Every Thursday at precisely 8pm I perform a sacred ritual.
It is ‘The Ace Of Spades’, by Motörhead, and, played at maximum volume inside a sealed bedroom, it can just about drown out the tinkling of wooden spoons on saucepans at the windows.
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When it comes to the Health Service pot-bashers, I’m torn. On the one hand, there is something creepy about the party line we’re being squeezed into. Praising Our Beautiful NHS seems a mania: an all-too-convenient distraction from deeper, messier questions. On the other, I recognise the instinct. We all want to help. Many seem to have been waiting their whole lives to know what they would have done during the Blitz. Now we have our answer: 750,000 NHS volunteers inside a week, ungrumbling financial hara-kiri by small businesses, and fistfuls of notes shoved down the negligée of Captain Tom. We’re amazing. But in our heightened state, we’re also at the whim of various madnesses of any number of crowds.
It is this paradox that Rutger Bregman stumbles into in his new book, Human Kind: A Hopeful History. It’s not clear he makes it out alive.
“We are basically nice”, is Bregman’s big idea. Just this weekend, Bregman went viral on the Guardian website with a story from Human Kind about a real life Lord Of The Flies, arguing that the book was more a product of William Golding’s own abberant, alcoholic psychology than any model for human nature. When six real boys became stranded near Tonga, he points out, they made a pledge never to quarrel, and shared out their scant water supplies equally, initially at a cup a day.
As ideas go, Bregman’s is a whopper. After all, “What is fundamental human nature?” is the bedrock of all politics — you don’t need Jonathan Haidt to tell you that much of how we each dispense justice in the world goes back to a deeper view of who we are, which nests in our childhoods and even our genes. It’s certainly nice to find someone who is willing to have a go at a question this big. Academia has a tendency only to offer us A+ answers to C+ questions. Human Kind addresses an A++ question, but even at 400 pages, it can only really gesture towards answers; Bregman is like a man with a pen knife cutting chunks off a blue whale.
Far from being rapacious apes, Bregman says, humans have been bred to be the most pro-social species. He introduces what he calls Homo Puppy — the idea that it was the most sociable — those who could count on their neighbours — not the most aggressive who ended up winning the evolutionary race. We’ve been told we’re like chimpanzees — violent and territorial. But in fact we’re more like bonobos — co-operative, mild, fans of delicious free love. He cites the work of Dmitri Belyaev’s Soviet scientists who turned snarly wild silver foxes into cuddly domestic tail-waggers in thirty generations. We are those foxes.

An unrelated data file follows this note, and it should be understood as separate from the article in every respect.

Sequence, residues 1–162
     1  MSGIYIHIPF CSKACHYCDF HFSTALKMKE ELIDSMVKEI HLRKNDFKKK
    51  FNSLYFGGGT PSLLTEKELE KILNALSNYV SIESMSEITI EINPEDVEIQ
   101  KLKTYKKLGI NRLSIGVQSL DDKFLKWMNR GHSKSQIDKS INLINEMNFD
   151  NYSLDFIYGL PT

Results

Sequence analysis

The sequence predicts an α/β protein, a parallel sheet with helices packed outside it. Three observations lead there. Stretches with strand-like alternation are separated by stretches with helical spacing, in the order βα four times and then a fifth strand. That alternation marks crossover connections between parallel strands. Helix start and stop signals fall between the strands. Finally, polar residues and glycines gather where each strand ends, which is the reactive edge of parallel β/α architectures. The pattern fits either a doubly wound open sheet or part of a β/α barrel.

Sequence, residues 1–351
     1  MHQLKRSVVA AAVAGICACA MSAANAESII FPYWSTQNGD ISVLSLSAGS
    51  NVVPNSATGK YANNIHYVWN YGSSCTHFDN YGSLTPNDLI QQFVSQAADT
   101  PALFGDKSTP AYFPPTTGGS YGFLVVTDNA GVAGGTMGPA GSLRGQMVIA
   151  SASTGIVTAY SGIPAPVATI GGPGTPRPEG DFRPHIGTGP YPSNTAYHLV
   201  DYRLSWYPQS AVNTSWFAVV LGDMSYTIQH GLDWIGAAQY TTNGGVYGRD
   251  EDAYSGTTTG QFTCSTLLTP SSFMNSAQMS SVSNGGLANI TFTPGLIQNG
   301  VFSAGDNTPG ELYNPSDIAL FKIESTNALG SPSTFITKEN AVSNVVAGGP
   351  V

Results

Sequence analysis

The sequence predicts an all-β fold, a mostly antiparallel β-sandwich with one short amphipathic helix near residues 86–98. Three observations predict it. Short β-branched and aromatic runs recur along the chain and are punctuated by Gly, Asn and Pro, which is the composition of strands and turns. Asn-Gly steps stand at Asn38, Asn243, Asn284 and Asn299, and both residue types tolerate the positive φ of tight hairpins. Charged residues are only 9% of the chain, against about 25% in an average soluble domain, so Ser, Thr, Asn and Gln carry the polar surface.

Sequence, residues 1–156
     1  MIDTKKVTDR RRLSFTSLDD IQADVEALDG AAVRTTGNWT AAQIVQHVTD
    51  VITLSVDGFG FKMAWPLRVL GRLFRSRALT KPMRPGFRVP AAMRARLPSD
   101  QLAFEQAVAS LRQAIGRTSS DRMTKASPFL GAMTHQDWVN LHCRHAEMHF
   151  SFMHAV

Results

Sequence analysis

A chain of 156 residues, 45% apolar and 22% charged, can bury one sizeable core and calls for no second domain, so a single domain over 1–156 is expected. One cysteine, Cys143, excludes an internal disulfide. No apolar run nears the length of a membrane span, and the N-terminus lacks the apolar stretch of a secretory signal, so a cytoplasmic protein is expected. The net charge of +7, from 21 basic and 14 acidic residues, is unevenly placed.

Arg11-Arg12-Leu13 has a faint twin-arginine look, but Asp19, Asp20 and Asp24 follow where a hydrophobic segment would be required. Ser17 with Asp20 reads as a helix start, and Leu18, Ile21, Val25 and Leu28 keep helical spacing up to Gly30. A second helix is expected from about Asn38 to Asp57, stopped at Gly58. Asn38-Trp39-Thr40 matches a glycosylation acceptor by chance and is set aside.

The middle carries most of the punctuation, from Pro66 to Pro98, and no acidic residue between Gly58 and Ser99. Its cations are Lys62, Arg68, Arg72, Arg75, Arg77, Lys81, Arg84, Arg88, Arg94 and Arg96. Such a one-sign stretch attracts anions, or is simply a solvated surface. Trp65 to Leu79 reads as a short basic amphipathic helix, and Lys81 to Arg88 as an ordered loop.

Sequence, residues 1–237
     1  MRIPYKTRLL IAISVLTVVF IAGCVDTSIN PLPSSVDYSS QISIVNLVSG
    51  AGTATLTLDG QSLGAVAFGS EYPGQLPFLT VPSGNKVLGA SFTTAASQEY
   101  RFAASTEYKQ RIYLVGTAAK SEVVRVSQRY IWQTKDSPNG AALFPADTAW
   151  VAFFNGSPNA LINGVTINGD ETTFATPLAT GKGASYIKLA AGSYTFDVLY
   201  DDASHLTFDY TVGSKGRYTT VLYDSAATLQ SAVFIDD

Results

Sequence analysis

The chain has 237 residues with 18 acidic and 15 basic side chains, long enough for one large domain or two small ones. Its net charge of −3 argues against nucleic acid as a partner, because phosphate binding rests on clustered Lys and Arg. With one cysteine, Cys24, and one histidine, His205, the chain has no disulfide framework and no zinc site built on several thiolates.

As his thesis advances, we learn that Rousseau had it spot on, Hobbes was a dismal cynic. Even the Holocaust can’t hold back Bregman. He points to research suggesting that Germans in the Second World War fought hard for the love of their comrades, their own band of brothers. He quotes a German serviceman, who quipped: “Nazism begins 25 miles behind the front lines”. So long as the shock troops pounding mortar shells into Warsaw flower markets weren’t particularly keen on the whole Reich thingy, his theory checks out. Like a humanist Gok Wan, a Queer Eye for an entire species, Bregman would like to take the soul of man and say: Hey. Look at yourself in the mirror. You’re beautiful! Now go out there and slay, queen.
Maybe we do need a bit of a pick-me-up. There are things we forget, and things we’ve mis-remembered. Bregman is at his best when exposing some shoddy psych experiments that have left a watermark on public policy.
As he points out, new evidence shows that the Stanford Prison Experiment — in which the randomly-selected ‘guards’ in a mock jail transformed into brutal sadists — was more an early stab at experiential theatre than anything with scientific rigour. The 1957 Robbers Cave trials — in which groups of small boys were split into tribes and began to attack each other — flunked its first reproduction test when the new boys had singsongs instead. And the 1964 murder of Kitty Genovese that gave us the entire notion of ‘the bystander effect’ has since crumbled into little more than shoddy reporting from the New York Times.
After our basic goodness — even if we grass on our neighbours — is firmly established by Bregman, it is perhaps deflating for the reader to realise that much of what comes next is basically ‘90s management theory — the sort of stuff Tom Peters was writing about as far back as In Search Of Excellence (1982). Trust the people. Cut the middle managers. Democratise. Decentralise. Devolve. Or “Management by objectives,” as Peter Drucker had it.